In 2003, a White Paper was written by Dr. Neil Reid from the University of Toledo and Dr. Michael Carroll from Bowling Green State University assessing the competitive challenges facing northwest Ohio's greenhouse nursery industry. The paper focused on the floriculture industry and its impact on the region. Initial findings were not encouraging. A 2004 survey of northwest Ohio greenhouse growers, 15% indicated they were planning to downsize or close within the next 5 years.
This information led to multi-year projects funded by the U.S. Department of Agriculture, and the research team comprises faculty and staff from The University of Toledo, and the Ohio State University. The assistance of Congresswoman Marcy Kaptur in securing these funds for this project has been invaluable, and without her passion for agriculture and our region, MVGA would not exist today.
As a result of this collaboration, efforts focused around organizing northwest Ohio's greenhouse industry as an industrial cluster. The objective of an industrial cluster was to encourage individual growers to work with each other and with academic, government, and community partners to collaboratively solve problems and address challenges facing the industry. Since then, northwest Ohio greenhouse growers have had the opportunity to work together under the umbrella of the Maumee Valley Growers Association (MVGA).
In 2009, several businesses evaluated and adjusted their operations as a result of greater awareness of industry best practices and modest facility improvements. Twenty three (23) businesses participated in energy audits resulting in energy conservation measures and efficiency applications. In fact, gas usage was down as much as 60% for some growers with the average being around 47%. In addition, two growers applied for and received REAP grants from the federal government to supplement the installation of their wind turbines.
Also that year, MVGA established its first advertising collaborative purchasing program in the spring of 2009 resulting in up to 70% discounts to participating growers. Later that year, almost 60% of the greenhouse growers in northwest Ohio indicated they were optimistic about the future of their business. They attributed this optimism directly to their participation in Maumee Valley Growers.
In 2011, MVGA received their 501(C)6 non-profit status and reached a level of sustainability in 2014 generated in part through an income stream generated to the association by their energy programs involving both the purchase of natural gas and electricity. This pooling initiative has since been expanded over a multi-state region saving participating grower’s significant dollars not normally available to them as individual businesses.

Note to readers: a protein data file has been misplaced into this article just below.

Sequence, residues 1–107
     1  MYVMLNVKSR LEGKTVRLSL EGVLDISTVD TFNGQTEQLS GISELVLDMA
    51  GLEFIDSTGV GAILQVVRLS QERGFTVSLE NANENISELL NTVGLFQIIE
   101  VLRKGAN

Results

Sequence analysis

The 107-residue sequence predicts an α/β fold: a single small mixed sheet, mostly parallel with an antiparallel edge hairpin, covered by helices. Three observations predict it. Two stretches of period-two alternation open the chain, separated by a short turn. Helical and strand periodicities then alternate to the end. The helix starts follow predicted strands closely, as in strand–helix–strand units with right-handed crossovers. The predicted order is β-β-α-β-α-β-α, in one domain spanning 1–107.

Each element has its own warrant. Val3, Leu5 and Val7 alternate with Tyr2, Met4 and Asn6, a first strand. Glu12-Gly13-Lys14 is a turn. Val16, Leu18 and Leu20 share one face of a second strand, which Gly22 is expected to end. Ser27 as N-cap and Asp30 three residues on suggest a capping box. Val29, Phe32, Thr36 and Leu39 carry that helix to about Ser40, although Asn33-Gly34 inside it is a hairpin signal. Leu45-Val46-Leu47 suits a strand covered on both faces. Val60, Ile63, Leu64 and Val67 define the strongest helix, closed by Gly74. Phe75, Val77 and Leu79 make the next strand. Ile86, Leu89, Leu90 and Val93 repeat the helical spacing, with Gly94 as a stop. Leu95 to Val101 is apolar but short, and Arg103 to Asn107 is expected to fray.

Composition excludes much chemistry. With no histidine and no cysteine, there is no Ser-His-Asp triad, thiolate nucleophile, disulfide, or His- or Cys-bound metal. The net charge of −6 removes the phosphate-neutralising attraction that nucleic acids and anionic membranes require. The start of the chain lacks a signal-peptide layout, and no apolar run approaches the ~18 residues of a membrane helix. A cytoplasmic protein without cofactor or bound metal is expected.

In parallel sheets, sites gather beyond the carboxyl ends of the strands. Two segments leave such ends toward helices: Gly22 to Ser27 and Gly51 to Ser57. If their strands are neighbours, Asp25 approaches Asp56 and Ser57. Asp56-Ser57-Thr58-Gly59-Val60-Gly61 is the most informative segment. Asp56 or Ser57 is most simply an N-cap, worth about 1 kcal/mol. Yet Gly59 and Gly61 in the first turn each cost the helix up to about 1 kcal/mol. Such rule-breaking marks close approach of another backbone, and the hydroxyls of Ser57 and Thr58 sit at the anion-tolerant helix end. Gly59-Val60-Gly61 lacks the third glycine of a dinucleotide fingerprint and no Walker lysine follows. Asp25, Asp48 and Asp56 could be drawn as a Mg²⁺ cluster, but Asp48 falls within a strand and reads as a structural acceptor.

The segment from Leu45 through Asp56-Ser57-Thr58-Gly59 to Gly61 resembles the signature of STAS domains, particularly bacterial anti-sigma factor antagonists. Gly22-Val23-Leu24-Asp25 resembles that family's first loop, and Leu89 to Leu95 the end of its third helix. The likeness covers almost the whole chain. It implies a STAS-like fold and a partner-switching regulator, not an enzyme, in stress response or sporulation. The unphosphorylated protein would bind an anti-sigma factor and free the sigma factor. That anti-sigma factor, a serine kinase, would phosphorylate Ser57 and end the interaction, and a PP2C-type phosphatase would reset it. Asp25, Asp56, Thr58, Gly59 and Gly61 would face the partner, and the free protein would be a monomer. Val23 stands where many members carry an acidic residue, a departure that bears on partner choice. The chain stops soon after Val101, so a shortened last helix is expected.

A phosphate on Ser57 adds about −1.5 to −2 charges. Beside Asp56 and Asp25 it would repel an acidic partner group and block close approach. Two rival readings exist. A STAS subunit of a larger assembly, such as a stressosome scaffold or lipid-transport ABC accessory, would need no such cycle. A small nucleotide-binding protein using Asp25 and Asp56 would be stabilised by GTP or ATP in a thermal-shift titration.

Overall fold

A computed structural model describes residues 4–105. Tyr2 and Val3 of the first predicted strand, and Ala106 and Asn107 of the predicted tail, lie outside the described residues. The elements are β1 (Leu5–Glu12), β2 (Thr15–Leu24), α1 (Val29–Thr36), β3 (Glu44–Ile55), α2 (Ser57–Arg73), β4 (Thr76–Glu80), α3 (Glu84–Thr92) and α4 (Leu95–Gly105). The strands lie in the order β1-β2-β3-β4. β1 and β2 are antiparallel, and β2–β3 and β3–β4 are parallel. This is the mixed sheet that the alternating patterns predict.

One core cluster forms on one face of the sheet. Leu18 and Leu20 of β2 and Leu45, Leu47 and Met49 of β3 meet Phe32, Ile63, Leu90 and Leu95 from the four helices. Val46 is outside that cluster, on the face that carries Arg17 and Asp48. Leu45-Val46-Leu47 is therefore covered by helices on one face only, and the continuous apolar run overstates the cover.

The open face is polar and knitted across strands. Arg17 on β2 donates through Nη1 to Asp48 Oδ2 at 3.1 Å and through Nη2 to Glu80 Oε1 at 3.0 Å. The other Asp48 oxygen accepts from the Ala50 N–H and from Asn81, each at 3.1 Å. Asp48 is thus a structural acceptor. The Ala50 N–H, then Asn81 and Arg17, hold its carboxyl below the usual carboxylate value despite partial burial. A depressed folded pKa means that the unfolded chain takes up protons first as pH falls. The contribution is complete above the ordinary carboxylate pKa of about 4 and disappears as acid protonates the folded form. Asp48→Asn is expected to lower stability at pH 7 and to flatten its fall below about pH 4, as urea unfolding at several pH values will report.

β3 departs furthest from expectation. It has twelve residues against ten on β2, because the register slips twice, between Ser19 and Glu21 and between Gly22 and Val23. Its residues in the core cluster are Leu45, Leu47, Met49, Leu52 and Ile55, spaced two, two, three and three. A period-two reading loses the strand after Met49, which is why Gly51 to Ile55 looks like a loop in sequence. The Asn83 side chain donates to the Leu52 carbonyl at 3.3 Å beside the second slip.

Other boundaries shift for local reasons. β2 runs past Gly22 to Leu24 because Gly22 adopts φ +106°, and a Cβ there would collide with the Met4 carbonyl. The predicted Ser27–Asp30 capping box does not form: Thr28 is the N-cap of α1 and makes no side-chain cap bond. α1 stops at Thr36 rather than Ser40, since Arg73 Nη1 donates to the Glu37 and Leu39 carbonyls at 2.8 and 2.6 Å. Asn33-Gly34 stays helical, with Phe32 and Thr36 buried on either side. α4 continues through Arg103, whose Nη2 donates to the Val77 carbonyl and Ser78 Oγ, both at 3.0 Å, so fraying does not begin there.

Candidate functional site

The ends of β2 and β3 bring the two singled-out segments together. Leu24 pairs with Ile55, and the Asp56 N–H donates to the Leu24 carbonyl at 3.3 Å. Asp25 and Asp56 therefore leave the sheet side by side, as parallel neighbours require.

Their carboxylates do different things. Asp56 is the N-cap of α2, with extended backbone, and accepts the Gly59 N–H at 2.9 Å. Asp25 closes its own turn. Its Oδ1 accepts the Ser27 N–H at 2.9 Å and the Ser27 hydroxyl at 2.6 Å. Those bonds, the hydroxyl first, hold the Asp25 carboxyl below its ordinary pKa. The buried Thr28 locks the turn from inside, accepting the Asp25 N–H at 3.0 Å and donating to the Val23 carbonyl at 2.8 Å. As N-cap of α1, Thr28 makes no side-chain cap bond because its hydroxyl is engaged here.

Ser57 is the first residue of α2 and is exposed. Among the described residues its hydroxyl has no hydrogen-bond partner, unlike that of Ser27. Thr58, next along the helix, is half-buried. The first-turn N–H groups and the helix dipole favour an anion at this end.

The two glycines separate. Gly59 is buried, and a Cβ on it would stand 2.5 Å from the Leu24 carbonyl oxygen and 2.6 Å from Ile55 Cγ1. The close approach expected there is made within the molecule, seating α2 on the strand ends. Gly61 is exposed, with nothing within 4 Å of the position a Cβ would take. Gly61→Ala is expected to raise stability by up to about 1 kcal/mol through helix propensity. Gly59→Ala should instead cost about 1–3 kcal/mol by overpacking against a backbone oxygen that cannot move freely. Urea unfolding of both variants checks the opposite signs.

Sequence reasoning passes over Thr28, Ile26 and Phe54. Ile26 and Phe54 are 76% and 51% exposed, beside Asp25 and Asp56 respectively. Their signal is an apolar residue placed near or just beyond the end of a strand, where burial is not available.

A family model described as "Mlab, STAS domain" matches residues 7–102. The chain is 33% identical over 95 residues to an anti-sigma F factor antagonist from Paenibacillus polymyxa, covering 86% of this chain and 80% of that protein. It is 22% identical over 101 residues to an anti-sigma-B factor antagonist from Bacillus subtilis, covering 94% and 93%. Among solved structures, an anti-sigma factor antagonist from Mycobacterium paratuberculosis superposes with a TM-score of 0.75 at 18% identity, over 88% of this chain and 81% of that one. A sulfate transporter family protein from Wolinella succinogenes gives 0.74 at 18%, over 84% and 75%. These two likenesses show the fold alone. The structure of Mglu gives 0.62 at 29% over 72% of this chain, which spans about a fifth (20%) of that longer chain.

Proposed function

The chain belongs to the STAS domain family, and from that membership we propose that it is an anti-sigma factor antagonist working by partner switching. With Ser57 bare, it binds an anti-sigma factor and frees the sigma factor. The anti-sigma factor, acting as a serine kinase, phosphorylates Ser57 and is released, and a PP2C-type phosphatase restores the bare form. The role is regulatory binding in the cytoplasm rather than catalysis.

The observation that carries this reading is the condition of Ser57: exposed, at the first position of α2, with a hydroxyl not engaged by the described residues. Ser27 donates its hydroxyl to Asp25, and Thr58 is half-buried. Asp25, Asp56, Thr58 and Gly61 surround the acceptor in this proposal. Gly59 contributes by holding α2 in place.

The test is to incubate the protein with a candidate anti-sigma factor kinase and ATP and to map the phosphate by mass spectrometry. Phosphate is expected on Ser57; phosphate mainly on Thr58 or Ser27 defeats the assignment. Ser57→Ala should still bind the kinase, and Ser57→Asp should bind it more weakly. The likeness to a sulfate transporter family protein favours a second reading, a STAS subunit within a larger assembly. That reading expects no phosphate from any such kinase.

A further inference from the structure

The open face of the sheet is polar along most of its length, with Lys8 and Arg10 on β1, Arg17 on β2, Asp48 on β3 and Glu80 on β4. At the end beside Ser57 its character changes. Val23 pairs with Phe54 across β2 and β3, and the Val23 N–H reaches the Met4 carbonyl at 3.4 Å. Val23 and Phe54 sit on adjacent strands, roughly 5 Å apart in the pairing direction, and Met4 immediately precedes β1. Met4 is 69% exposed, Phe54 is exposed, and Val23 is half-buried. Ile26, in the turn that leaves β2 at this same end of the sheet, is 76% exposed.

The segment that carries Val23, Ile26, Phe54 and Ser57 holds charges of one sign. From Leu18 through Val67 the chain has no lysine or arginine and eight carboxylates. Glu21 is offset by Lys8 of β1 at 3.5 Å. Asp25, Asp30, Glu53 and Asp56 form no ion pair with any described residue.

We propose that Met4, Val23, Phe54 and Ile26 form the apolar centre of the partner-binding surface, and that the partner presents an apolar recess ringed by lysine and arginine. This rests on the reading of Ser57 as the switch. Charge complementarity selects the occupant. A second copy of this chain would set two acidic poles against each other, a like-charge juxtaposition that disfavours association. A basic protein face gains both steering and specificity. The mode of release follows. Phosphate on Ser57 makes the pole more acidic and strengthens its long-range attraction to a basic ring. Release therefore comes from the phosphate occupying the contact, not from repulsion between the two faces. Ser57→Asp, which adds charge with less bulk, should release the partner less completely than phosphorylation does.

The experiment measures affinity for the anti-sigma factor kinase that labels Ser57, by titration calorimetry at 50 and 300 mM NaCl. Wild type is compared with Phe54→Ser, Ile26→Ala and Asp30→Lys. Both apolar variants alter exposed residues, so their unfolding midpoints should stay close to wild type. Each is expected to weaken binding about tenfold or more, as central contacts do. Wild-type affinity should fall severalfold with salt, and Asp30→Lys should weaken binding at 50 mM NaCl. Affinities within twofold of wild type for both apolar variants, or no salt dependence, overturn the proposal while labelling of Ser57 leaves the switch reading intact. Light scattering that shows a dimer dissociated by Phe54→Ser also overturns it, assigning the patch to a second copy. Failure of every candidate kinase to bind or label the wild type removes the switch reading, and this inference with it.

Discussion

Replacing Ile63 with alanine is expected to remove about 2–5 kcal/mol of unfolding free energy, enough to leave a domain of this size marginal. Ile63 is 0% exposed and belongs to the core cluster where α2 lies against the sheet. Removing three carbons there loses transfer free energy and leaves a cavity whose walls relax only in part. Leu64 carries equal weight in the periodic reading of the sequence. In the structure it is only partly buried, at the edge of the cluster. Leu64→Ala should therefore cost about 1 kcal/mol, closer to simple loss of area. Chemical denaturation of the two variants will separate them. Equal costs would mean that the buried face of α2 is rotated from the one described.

During that time period, more valuable programs were added such as a greenhouse supply purchasing program through Monrovia in 2010 and North Branch Nursery beginning in 2014 which offered member discounts .
2016 provided the opportunity for MVGA to expand their floriculture focus to adding a food division. These two agricultural divisions complement each other with many of MVGA’s members providing both flowers and produce to their customers.
MVGA completed a two-year $133,470 implementation grant in 2017 by establishing themselves as a food Value Chain Coordinator (food hub) representing nearly 20 small farmers in the region. A new 24/7 procurement software system designed by Azoti out of Columbus became the backbone of all procurement orders. A food safety program was started assisting farmers with safety guides, walk through mock inspections & future GAP certification.
In late 2017, MVGA was awarded a two-year $70,000 Specialty Crop grant to establish the food hub as a self-funding, sustainable organization at the grant’s conclusion in 2019. Certifying more growers in food safety remains a high priority.
Increased produce volume and variety along with farmer GAP certification will be the basis for potentially doubling food sales in both 2018 and 2019.
Each year, MVGA sponsors a Winter Conference, Retail Roundtable, Spring or Summer Family outing culminating in an Annual meeting bringing all members together for more education, certification, and networking opportunities.
Strategically increasing geographic outreach and implementation of innovative operational efficiencies has been key to the MVGA’s economic sustainability within this industry. Insight and intelligence gained through partner relationships with academia remain vitally important. MVGA will continue to promote educational programs offering practical and profitable solutions to the betterment of their member operations and their impact on their community.
MVGA’s food division now collaborates with nearly 100 produce buyers statewide promoting their “buy local” campaign highlighting the benefits of purchasing products made or grown in Ohio. This initiative should produce increasing benefits to those farmers who grow both outdoors and in the greenhouse.
With a local economic impact of over $100 million with floriculture alone, the industry employs over 750 people. Lucas County is in the nation’s top 100 counties for production of greenhouse crops (over 3,000 counties in the US). More data is needed on the impact of the food division especially as it ramps up in volume and scope.
In addition to its economic impact, the industry is also a part of the cultural fabric of Ohio. Collaborating with private, public and academic partners has been exciting and fruitful. Only a concept back in 2003, MVGA feels the organization exceeded early grant expectations while developing valuable support mechanisms within the industry through the years. The associations' members and its Board of Directors are engaged in building off these successes.